'I took it as a personal attack on my home turf': Kahnawake ironworker cleaned up post 9/11 attacks

Mohawk Council of Kahnawake chief Lindsay Leborgne took the attacks on Sept. 11, 2001 personal.

Before entering politics in the Kanien'kehá:ka (Mohawk) community on Montreal's South Shore, Leborge slung steel as a union ironworker in New York City.

"My dad worked on it, uncles, cousins," he told CTV News. "I had a lot of family members who had ties."

Kahnawake ironworkers were an essential part of the construction teams that created New York City's iconic skyline. Many took the trip to Manhattan post 9/11 to aid in the clean up after the terror attacks. SOURCE: Lindsay Leborgne

Leborgne spoke to CTV as he was heading to St. James United Church on Ste. Catherine St. for a commemoration ceremony honouring the victims of the 9/11 terror attacks, one of the thousands of commemorations Saturday across the globe.

Leborgne, now 63, spent the first 17 years of his life in New York before joining the U.S. Navy and serving for four years.

"I took it as a personal attack on my home turf so to speak," he said. "I wanted to do something. I didn't want to sit around watching."

After hearing about the attacks, he left his home and checked in at his union shop to sign up to help. He spent a week sifting through the rubble of the former skyscrapers, hoping to find survivors while removing the masses of twisted steel, concrete and other material.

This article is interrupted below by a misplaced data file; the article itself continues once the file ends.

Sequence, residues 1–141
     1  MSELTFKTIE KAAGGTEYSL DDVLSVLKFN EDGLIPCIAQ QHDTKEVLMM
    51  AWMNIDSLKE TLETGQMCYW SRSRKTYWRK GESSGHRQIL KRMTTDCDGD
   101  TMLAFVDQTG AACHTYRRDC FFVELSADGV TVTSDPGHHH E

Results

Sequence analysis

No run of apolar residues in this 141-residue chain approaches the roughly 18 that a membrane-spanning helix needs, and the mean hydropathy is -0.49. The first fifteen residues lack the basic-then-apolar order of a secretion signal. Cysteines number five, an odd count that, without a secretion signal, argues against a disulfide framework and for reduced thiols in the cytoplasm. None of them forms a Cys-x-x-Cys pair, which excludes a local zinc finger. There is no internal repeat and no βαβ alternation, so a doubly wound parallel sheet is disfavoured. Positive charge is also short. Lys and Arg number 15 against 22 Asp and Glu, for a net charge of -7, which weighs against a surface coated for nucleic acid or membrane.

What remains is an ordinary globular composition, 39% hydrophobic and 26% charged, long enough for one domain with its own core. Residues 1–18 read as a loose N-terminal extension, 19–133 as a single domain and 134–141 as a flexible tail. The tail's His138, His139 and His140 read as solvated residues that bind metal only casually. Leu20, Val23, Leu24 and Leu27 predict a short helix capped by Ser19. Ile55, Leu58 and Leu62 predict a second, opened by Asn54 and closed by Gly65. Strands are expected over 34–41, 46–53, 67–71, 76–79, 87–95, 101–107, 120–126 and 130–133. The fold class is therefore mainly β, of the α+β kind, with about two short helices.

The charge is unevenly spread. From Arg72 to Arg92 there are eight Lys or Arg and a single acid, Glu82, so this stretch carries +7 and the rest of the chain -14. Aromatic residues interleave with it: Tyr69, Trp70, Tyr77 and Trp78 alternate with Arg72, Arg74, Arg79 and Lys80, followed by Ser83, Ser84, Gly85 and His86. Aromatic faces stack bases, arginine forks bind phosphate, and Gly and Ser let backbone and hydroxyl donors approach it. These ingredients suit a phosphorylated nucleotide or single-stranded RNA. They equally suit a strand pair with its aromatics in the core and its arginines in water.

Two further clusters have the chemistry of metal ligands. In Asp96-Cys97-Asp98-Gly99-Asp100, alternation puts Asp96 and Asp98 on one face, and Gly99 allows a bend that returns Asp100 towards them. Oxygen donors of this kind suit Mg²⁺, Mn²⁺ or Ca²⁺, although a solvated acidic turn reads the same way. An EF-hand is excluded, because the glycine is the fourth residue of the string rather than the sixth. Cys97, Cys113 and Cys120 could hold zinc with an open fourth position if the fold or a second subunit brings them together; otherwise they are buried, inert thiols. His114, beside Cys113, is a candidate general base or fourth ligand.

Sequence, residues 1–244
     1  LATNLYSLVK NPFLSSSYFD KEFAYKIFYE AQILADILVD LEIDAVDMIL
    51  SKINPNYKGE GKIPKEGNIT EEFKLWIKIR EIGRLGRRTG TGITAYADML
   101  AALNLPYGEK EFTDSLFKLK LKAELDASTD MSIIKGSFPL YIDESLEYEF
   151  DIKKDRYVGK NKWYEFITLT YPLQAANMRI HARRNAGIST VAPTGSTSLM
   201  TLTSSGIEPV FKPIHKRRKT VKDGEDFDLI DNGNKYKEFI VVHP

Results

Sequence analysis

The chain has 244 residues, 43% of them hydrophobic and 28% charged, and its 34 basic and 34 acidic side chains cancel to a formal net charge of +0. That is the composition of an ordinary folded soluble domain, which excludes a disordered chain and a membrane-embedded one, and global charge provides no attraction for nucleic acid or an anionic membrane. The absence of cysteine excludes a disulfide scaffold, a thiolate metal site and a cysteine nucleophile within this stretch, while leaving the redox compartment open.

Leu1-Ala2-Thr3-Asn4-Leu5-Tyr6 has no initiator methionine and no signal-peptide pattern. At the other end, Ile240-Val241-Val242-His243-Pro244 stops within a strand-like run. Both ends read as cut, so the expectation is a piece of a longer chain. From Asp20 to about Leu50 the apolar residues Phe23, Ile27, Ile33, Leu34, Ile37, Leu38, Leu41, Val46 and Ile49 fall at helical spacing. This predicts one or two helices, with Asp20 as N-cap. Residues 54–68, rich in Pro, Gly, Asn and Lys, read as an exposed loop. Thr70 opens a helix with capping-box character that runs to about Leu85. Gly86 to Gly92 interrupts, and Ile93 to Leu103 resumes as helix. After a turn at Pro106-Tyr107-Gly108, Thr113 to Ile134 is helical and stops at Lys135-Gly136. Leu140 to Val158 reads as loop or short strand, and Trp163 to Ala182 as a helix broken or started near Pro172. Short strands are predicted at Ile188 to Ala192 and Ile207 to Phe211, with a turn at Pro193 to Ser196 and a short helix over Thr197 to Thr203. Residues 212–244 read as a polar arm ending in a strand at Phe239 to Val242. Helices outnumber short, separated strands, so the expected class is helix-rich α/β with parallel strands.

Since 2001, he, and all those who worked on the site have had to deal with the damage that may have occurred to their bodies.

"All we were wearing was the masks like the ones we're wearing now for COVID," said Leborgne. "After we find out there was asbestos in the air, pulverized dust which was extremely bad. I think just under 3,000 people were killed in the attack, but since then, over 4,000 people who went to the rescue work have died of cancers and all sorts of problems associated with breathing the dust down there."

Ironworker Lindsay Leborgne worked high on New York City's skyline which is now drastically altered from the view he had before Sept. 11, 2001. SOURCE: Lindsay Leborgne

Leborgne gets a regular checkup at Mount Sinai Hospital, and has been given a clean bill of health every year.

Two other commemorations took place in Montreal: one at the U.S. Consulate General and another organized by the Montreal fire department (SIM).

Montreal Mayor Valerie Plante was in attendance and spoke of the effect the terror attacks had on the city and the responsibility it left for citizens of the metropolis.

"All Montrealers were shaken by the tragedy of September 11, 2001. Today, on this sad anniversary, we wish to pay tribute to the victims of the attack and to express our deep solidarity with our American allies and friends," she said. "We have a role to play as a City to advocate, through our policies and daily actions, for an atmosphere of openness and diversity, and to encourage dialogue and partnership with the community."

The SIM event honoured the 343 New York firefighters who lost their lives in 2001. Artist-engraver Claude Desmarais unveiled a memorial with 343 engraved stars for the event.

Quebec Premier Francois Legault posted a video message on his Facebook page.

"There are dates that remain etched in our memory forever. This is the case on September 11, 2001," he said. 

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